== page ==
• Because media is relatively cheap, you roll more freely. This can create lazy filmmaking and too much content (con), but sometimes you get a gem of a moment that you might not have captured had you been censoring yourself (pro).
  • You can see basically what you are getting [on the monitor]. It helps DPs rest well at night (pro), but also eliminates some of the “magic” of what we do and makes everyone think they are cinematographers (con). Also, [on set monitoring] can lead to too many cooks in the kitchen, because everyone has an opinion and that can cause people to focus on too many myopic details, such as a hair out of place or a wrinkle in a blouse or the curtains not being perfectly straight, instead of just focusing on the actors and performance, which is really all that matters in the end.
  • More affordable often means more cameras, which is both a pro and a con. Sometimes it’s a great asset to capture two sizes of a performance (with multiple cameras in one take), but other times it leads to more compromise than it’s worth. And there’s a tendency for producers to add cameras and lose days in the shooting schedule, which will never look as good as taking your time with one camera.

Filmmaker: Mudbound has beautifully rich blacks, but I’m also interested in how you achieved the contrast in your midtones. It’s sort of the look you get when you adjust the “clarity” slider in Lightroom or the “midtone detail” setting in Resolve. How did you approach creating that look?

Morrison: I’m not very savvy in Photoshop or Lightroom, so I mainly communicate my intent to my DIT. In this case, I knew that I didn’t want the blacks to get too milked out on this film and so I made sure to expose them properly and “print down” so that we could play on the dark side but the detail would be there in the raw material if I wanted any of it back. Then in the DI, I sent [our supervising digital colorist] Joe Gawler all my references and asked him to enhance the detail whenever we needed it but not wash out the skin tones. My main reference was Gordon Park’s A Segregation Story (1956) for Life magazine.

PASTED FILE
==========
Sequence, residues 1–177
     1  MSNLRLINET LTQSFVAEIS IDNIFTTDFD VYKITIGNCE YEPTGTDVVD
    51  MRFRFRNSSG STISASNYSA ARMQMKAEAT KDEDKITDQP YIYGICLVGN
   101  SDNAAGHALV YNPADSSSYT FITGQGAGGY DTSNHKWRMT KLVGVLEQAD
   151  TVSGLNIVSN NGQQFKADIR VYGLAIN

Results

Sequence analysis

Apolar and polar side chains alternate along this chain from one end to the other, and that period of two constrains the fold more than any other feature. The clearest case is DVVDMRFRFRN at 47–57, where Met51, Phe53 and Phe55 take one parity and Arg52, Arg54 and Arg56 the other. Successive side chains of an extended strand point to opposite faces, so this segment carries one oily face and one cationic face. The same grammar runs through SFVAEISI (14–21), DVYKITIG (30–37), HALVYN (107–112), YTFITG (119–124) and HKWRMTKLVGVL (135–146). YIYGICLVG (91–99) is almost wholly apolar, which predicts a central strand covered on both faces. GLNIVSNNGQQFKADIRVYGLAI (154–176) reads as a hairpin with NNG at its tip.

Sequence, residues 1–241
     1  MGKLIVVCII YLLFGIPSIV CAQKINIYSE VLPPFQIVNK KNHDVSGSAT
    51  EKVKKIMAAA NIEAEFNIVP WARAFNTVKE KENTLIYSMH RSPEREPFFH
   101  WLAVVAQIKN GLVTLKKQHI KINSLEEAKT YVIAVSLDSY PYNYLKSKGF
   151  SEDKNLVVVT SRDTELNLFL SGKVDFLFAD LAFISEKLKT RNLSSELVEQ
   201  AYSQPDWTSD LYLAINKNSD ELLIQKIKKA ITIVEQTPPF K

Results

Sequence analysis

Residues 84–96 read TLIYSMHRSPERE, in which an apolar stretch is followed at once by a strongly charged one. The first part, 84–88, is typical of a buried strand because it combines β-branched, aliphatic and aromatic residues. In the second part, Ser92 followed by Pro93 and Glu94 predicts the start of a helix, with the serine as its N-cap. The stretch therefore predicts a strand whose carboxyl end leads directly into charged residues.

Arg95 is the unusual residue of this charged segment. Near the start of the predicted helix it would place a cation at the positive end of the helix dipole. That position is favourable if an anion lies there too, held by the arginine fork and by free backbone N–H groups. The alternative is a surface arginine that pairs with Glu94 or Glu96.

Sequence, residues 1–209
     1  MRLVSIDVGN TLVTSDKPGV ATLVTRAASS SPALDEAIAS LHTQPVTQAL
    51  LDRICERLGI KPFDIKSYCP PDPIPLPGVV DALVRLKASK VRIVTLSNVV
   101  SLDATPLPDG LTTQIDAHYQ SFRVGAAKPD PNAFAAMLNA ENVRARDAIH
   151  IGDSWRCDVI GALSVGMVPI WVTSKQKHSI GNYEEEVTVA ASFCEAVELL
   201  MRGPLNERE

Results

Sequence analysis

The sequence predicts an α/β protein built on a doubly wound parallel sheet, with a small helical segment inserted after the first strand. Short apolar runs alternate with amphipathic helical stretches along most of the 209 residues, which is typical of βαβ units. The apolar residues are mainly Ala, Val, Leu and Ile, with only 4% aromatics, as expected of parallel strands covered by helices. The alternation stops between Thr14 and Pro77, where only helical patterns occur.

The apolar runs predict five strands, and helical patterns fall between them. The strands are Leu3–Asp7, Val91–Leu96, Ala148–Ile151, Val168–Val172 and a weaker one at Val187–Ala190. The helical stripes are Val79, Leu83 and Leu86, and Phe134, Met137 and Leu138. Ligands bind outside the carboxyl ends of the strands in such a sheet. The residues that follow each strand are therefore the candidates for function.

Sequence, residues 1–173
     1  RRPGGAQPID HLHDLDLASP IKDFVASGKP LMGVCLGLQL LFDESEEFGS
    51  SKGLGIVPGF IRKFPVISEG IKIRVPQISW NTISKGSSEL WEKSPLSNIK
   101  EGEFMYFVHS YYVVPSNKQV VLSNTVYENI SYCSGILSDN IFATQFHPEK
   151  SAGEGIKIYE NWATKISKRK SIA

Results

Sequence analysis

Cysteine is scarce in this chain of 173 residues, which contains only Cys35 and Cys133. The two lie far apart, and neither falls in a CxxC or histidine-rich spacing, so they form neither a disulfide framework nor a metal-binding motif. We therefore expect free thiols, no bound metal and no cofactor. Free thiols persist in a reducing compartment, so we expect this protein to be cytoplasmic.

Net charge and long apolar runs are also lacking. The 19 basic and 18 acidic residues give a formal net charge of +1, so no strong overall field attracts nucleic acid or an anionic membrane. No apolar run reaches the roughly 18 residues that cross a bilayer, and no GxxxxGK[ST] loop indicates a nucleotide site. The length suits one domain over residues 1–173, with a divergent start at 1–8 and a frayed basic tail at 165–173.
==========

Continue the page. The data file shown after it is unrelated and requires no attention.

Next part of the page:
Filmmaker: What’s your technique for determining your stop? How much do you rely on the image on a calibrated monitor versus a waveform, versus old-fashioned metering?

Morrison: I usually use my meter to light in broad strokes and then the monitor to dial things in. For example, if I know I want to expose at a T2.8 with the key side ½ stop under, I will rough in my key light to a 2/2.8split, then drop the meter and do the rest of the shaping from the monitor. On Mudbound, as I mentioned, my plan was to print down, but keep the information in the [digital] negative so my DIT Nate Borck had to keep me honest using the waveform monitor, since I was on set operating and didn’t have the IRE levels in front of me at all times.

Filmmaker: I put together a few frame grabs with their respective waveform readings. Would love to hear some specifics about these shots – where did you draw the line for what was “too dark?”

Morrison: Those waveform frame grabs are from the final output (as opposed to what we were looking at on set), but if I had to guess I would say there was between ¾ -to-1 ½ more stops of additional information in the RAW material to play with. [Director] Dee Rees, Joe [Gawler] and I decided to “be bold or go home” and we did play everything dark. It’s been an interesting experience for me. When projected well, I am the happiest I’ve ever been with my work. But in a screening room with a dull projector, I am horrified. It’s hard to know if I would do anything differently next time because if I went brighter overall, I would probably be less horrified in the worst case scenarios, but also less pleased with the best version. It’s an interesting conundrum.